When I was coming up with the guidelines for myself, I learned that eating too fast and eating until you are full both triple your chance of gaining weight. Together they are a deadly combination. Mindfulness seems to be one way to control those poor habits.
Savor is now on my list of books to buy, even though it isn't released until next week.
Funny how life works, whether it is by coincidence or serendipity, but these past few days I've been preoccupied by the topic of mindfulness as it relates to food. Yesterday I stumbled on the 'How to Cook Your Life' documentary, and now 'Savor.'
I'm excited because Thich Nhat Hanh is one of the authors, and his teachings are so accessible. His co-author, Dr. Lilian Chung, is the Director of Nutrition and Fitness at Harvard School of Public Health’s Center for Health Communication.
I guess when it comes down to it, losing weight isn't really a lofty goal for developing mindfulness. But the side effects to this approach to weight loss can be pretty fantastic.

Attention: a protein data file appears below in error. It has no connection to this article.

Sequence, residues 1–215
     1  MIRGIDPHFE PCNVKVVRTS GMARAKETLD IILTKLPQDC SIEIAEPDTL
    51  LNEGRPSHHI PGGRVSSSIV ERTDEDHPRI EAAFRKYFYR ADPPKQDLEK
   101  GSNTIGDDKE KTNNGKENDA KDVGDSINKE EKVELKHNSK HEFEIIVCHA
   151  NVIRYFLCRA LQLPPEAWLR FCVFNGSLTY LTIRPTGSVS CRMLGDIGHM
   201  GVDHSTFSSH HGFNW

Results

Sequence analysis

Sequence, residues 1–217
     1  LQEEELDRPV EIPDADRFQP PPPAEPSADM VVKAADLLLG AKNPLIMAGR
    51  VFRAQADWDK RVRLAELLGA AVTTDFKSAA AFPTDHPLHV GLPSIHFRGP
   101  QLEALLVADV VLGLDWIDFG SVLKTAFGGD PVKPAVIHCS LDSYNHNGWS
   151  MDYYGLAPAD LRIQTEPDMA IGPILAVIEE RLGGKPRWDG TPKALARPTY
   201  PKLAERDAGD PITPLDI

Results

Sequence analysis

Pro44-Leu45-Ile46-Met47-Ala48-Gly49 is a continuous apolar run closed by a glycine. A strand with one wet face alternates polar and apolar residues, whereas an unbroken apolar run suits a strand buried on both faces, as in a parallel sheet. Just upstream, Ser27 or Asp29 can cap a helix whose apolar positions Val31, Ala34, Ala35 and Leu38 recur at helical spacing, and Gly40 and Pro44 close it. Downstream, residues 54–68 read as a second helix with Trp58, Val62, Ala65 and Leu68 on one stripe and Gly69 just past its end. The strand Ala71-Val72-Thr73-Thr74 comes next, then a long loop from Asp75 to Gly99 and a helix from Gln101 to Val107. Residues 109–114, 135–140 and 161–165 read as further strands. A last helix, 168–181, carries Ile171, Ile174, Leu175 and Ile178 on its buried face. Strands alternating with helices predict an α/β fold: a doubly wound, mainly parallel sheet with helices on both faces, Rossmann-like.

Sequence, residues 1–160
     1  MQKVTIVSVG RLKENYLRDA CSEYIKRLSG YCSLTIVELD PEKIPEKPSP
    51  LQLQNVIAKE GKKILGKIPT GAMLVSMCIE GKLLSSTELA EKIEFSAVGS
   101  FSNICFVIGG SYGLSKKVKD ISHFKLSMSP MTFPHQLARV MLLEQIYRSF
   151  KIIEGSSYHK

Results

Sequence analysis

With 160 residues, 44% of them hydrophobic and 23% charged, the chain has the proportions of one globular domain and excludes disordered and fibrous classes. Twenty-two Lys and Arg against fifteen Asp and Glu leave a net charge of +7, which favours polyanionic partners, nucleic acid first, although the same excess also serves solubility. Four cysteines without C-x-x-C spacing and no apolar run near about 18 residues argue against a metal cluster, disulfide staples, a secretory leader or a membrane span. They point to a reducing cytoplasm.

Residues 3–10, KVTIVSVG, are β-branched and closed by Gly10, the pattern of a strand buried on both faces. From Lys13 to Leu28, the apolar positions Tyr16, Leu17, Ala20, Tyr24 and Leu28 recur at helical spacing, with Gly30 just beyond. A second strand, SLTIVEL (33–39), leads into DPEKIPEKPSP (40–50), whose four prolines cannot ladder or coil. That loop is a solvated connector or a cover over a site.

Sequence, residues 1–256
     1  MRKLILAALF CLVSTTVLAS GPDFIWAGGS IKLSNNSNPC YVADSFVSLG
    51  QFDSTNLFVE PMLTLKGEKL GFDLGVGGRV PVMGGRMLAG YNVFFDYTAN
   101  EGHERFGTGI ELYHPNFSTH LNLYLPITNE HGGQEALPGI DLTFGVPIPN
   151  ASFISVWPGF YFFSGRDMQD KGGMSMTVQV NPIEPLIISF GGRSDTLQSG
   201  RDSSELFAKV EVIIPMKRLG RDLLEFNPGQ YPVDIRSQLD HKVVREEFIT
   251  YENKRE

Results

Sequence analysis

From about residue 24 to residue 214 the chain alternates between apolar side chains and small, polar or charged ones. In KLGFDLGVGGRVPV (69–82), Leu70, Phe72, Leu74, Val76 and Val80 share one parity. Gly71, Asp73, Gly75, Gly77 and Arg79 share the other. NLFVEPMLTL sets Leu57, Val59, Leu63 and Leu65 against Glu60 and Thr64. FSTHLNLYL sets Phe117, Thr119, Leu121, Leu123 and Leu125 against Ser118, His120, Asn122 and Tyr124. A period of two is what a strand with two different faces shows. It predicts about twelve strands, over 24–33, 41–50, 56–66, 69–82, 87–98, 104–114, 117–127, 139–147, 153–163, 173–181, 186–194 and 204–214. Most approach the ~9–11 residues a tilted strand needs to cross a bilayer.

Hey, if this doesn't work there is always liposuction.
Common sense tells us that to lose weight, we must eat less and exercise more. But somehow we get stalled. We start on a weight-loss program with good intentions but cannot stay on track. Neither the countless fad diets, nor the annual spending of $50 billion on weight loss helps us feel better or lose weight.
Too many of us are in a cycle of shame and guilt. We spend countless hours worrying about what we ate or if we exercised enough, blaming ourselves for actions that we can't undo. We are stuck in the past and unable to live in the present—that moment in which we do have the power to make changes in our lives.